Using disposable, translucent drapes to create a tent around a patient is one way to limit the threat of disease transmission from aerosolization during pediatric microlaryngoscopy and bronchoscopy.

That’s according to input from pediatric otolaryngologists, anesthesiologists, occupational medicine specialists, nursing staff, and medical engineers in a new research paper. The input is significant because of the risks to healthcare workers on the frontlines of the battle against COVID-19.

Bronchoscopy is an aerosol-generating procedure, and the novel coronavirus is spread through droplets produced when an infected person coughs or sneezes.

The paper, “Pediatric laryngoscopy and bronchoscopy during the COVID-19 pandemic: A four-center collaborative protocol to improve safety with perioperative management strategies and creation of a surgical tent with disposable drapes,” outlines several other safety measures that may be of use when the current COVID-19 crisis wanes. The International Journal of Pediatric Otorhinolaryngology published the paper in April 2020.

Creating a surgical tent using disposable drapes is a relatively simple technique to protect operating room personnel, according to the authors.

“The few additional resources that are required are generally accessible in any operating room or institution,” they write. “This technique may prevent aerosolization of other pathogens in the future.”

To create the disposable drape tent, healthcare workers should:

  • Rotate the bed so the surgeon is standing at the head
  • Cover the patient’s eyes with water-tight adhesive coverings to allow for adequate washing of patient face after the procedure
  • Secure an ultrafiltration smoke evacuator to the patient’s chest, facing the patient’s head to filter viral particles during the procedure (this does not replace need for normal surgical suction)
  • Place an ether screen over the patient at chest level and secure to an OR table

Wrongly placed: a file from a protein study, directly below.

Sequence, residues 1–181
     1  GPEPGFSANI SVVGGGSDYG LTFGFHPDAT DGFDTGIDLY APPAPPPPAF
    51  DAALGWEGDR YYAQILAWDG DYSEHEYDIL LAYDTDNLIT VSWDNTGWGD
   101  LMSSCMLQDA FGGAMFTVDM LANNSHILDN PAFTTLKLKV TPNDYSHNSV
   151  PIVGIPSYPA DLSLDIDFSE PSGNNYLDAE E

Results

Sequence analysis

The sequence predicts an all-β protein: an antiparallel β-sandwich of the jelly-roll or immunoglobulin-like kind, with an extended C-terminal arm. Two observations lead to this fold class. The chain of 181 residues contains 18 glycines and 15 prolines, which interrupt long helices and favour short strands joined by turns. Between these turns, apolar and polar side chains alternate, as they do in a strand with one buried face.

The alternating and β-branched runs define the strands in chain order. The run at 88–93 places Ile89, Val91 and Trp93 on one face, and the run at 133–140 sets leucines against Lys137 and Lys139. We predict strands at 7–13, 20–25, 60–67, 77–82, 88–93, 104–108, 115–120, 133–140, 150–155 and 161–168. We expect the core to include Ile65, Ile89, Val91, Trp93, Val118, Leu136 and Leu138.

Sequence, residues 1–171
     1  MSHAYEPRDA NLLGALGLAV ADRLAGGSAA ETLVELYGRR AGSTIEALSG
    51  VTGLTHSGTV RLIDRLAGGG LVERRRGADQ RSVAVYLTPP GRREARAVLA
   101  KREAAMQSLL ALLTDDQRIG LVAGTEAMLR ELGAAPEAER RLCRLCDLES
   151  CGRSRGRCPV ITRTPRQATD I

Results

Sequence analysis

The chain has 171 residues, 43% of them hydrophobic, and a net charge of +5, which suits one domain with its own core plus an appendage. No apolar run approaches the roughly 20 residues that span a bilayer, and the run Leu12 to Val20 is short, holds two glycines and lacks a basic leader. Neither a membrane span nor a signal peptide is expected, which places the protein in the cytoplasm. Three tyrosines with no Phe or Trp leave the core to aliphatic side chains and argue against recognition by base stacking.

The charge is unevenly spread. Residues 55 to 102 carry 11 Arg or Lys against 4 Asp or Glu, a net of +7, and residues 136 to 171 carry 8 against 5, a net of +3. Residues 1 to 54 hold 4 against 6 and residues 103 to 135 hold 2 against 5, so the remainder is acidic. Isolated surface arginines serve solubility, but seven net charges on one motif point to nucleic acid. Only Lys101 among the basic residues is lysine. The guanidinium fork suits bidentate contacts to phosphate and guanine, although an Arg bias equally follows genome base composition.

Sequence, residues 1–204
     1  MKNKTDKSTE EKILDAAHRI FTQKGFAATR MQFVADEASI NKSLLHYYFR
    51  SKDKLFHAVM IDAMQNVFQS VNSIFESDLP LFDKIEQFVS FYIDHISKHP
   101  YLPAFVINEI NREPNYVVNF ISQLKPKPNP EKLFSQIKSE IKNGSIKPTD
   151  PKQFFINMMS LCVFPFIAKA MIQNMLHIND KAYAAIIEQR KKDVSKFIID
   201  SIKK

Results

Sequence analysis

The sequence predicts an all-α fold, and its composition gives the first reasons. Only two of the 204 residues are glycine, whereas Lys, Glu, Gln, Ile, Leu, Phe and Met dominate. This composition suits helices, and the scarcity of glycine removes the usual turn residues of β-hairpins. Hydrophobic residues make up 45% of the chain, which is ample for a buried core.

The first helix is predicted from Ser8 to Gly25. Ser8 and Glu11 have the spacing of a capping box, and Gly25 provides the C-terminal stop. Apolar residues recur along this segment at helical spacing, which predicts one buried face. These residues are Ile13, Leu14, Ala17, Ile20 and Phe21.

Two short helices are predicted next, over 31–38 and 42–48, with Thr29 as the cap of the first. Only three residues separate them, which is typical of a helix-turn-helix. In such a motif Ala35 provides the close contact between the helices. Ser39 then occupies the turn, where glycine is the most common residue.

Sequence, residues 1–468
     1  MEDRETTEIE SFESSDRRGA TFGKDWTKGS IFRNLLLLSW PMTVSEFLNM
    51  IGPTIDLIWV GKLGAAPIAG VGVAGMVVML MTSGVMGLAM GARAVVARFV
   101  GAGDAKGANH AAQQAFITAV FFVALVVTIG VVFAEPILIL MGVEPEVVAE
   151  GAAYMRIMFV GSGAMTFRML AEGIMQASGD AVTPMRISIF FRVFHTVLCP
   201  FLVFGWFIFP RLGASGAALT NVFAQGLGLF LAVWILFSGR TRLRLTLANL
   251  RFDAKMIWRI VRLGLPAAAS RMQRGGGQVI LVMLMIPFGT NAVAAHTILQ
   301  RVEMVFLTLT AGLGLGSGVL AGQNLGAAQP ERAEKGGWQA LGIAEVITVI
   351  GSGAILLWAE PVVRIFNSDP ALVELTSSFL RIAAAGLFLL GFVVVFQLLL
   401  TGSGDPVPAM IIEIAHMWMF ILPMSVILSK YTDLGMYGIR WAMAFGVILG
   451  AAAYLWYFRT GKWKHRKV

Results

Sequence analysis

• Place clear, impermeable surgical drape over the patient’s head and body, suspended by ether screens (the bronchoscopy table should be under the same drape)

The authors do not recommend fully covering the patient in a drape. The drape, after all, needs to be easily removed and disposed of after the procedure. Aerosol particles should be contained within the drape at disposal.

Typically, about 500,000 bronchoscopies are performed in the U.S. annually. The American Association for Bronchology and Interventional Pulmonology (AABIP), however, has advised against bronchoscopy on suspected or confirmed COVID-19 patients. AABIP, in its March advisory, suggested other diagnostic measures such as nasopharyngeal and oropharyngeal swabs for collecting upper respiratory samples. For intubated patients, tracheal aspirates and non-bronchoscopic alveolar lavage may also be used.

AABIP recommends physicians use disposable, or single-use, bronchoscopes if bronchoscopy is warranted during the current crisis, which has killed more than 80,000 patients in the U.S.

The first cases of COVID-19 transmission to healthcare providers were reported as early as January.

Pulmonologists will be concerned about the risks of infection transmission from aerosolization during bronchoscopy long after the current COVID-19 pandemic. And some COVID-19-related precautions and adaptations may prove to be useful when bronchoscopy becomes a routine diagnostic and therapeutic procedure once again.

Patients should also be tested prior to a procedure, according to the paper. But testing cannot be a fail-safe, the authors write.

“Currently, there is variability across institutions with respect to access to testing, duration of testing, and reliability of results including false negative rates that at some institutions may be as high as 30–40 percent,” according to the paper.